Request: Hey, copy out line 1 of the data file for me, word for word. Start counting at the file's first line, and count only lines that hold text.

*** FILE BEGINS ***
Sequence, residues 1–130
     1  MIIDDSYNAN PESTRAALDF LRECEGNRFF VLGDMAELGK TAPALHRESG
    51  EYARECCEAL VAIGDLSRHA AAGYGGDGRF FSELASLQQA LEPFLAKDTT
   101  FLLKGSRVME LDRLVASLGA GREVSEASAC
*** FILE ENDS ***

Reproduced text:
Sequence, residues 1–130